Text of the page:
Republicans’ Comments Put Them on Other Side of Pope’s Visiting Message

Screen Shot 2015-09-21 at 12.50.31 PMMAGGIE HABERMAN  Monday, September 21, 2015

Good Monday morning. Pope Francis has delivered an encyclical calling for increased action against climate change, denounced the role of global capitalism in increasing poverty, and enthusiastically supported the new nuclear accord with Iran, positions that have caused tensions in the Republican Party. Now the pope, whom American Catholics overwhelmingly support, arrives in the United States as Republicans wrestle with these issues and with perceptions of intolerance.

The pope visits Washington this week, presumably bringing the message of tolerance that he has espoused throughout his tenure, including in the face of extremism.

Yet this week in the race to replace President Obama began with one of the top Republican presidential hopefuls, Ben Carson, suggesting that having a Muslim president would be a bridge too far and that it wasn’t a concept he was comfortable with.

Not one of the presidential candidates is Muslim. But questions about tolerance of Muslims arose last week, when an attendee at a rally for Donald J. Trump insisted that Mr. Obama, who is Christian and was born in Hawaii, was a Muslim who was not an American. Then the attendee asked when the country could be rid of Muslims. Mr. Trump did not correct the questioner and said he was looking into the issue.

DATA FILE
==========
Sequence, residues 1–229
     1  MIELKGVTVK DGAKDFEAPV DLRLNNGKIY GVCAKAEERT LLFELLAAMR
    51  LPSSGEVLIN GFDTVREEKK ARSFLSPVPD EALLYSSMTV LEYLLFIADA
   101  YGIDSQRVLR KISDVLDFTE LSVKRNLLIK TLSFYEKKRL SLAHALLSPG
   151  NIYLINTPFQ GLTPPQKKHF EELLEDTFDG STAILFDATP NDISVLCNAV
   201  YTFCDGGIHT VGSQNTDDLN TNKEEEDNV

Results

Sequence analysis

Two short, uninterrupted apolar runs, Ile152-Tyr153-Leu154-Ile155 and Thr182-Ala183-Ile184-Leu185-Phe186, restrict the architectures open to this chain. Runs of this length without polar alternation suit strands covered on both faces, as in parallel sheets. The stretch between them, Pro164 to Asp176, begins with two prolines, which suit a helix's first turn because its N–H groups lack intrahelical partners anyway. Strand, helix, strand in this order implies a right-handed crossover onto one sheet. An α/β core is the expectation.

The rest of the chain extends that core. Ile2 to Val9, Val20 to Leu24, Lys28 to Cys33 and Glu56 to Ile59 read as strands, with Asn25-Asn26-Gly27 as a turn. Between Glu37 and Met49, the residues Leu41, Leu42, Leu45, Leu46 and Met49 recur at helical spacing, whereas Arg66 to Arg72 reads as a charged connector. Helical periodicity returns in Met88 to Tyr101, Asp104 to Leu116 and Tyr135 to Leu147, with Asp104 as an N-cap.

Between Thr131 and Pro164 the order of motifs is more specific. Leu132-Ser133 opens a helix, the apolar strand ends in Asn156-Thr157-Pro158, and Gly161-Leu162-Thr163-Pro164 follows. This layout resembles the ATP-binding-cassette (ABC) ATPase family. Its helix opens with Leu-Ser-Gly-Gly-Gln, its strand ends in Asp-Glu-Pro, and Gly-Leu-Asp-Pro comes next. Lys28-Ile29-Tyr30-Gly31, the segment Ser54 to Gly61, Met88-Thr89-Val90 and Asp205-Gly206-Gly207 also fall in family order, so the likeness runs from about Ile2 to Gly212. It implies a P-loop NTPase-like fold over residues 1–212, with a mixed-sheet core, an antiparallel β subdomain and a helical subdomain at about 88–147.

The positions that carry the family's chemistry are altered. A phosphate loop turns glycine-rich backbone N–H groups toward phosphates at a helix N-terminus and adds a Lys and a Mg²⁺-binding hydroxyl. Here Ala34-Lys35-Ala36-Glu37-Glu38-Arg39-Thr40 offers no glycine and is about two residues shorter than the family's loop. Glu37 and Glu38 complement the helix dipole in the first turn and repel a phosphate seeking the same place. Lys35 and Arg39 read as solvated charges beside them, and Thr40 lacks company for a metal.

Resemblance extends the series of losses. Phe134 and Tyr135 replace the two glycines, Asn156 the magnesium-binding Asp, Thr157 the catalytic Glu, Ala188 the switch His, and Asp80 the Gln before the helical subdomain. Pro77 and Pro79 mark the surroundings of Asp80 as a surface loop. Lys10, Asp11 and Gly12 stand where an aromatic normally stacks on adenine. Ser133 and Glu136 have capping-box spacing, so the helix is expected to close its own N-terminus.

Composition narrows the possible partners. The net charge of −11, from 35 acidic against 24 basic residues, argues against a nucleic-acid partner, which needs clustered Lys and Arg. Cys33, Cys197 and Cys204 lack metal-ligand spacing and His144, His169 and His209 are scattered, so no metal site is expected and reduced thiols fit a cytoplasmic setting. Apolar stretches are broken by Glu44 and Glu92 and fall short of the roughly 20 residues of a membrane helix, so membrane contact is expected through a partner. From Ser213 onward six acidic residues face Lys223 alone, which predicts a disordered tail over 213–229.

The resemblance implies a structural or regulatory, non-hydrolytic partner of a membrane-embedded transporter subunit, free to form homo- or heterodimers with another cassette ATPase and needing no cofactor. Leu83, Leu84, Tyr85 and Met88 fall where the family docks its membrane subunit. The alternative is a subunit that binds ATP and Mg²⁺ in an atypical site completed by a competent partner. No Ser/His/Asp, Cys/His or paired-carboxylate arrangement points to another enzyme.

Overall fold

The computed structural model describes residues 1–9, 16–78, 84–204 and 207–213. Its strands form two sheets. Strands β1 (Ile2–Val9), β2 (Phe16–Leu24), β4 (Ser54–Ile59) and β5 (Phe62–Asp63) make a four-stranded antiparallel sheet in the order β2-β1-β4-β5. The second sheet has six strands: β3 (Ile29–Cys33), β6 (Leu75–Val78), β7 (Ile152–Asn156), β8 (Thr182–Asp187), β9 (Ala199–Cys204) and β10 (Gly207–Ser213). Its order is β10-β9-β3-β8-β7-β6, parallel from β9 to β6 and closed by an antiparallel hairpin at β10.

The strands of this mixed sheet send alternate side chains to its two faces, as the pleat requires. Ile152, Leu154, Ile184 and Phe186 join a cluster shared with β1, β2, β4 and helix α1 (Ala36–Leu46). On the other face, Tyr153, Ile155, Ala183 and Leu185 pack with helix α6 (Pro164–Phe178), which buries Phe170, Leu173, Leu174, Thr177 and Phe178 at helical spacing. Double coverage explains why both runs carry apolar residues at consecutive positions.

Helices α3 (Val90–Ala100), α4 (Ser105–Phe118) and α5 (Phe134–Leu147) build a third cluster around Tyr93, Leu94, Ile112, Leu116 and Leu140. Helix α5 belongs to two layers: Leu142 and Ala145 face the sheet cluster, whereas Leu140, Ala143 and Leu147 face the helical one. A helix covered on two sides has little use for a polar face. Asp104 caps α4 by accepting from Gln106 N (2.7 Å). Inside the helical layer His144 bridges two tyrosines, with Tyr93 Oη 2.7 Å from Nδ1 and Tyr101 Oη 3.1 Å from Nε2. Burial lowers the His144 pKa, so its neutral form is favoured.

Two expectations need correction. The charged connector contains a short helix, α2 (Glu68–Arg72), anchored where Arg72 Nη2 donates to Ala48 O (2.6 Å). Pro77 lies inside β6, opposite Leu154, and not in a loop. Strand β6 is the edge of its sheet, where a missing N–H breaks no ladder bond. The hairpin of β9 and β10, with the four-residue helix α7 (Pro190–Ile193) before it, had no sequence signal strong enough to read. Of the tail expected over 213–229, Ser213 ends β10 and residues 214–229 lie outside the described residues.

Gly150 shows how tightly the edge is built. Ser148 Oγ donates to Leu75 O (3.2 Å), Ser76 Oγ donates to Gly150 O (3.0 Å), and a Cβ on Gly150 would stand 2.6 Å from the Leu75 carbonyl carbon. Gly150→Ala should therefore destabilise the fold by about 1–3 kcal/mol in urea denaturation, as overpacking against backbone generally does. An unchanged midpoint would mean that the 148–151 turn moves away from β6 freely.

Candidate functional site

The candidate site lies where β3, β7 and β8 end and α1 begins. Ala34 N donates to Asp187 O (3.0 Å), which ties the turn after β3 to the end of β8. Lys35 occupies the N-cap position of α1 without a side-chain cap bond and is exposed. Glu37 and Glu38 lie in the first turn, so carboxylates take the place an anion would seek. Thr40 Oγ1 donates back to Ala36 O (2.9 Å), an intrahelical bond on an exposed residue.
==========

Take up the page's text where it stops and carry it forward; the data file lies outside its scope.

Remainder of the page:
Mr. Trump has since defended himself on Twitter and elsewhere, and told CNN over the weekend, “I love the Muslims.” But Mr. Trump, who called his supporters “passionate” after two men accused of beating a homeless man cited his caustic words on immigration, has also said he has no moral obligation to correct other people.
While Senator Ted Cruz of Texas and Senator Marco Rubio of Florida distanced themselves on Sunday from Mr. Carson and Mr. Trump, the tenor of the debate seems to have reached a new level in a race where resentment over demographic changes has led to a romanticizing of the dwindling white working class comprising the Republican base.
The pope’s visit has the potential to stand in stark contrast to the discourse of the 2016 race. And it could refocus the political discussion, as anger among voters seems poised at times to boil over.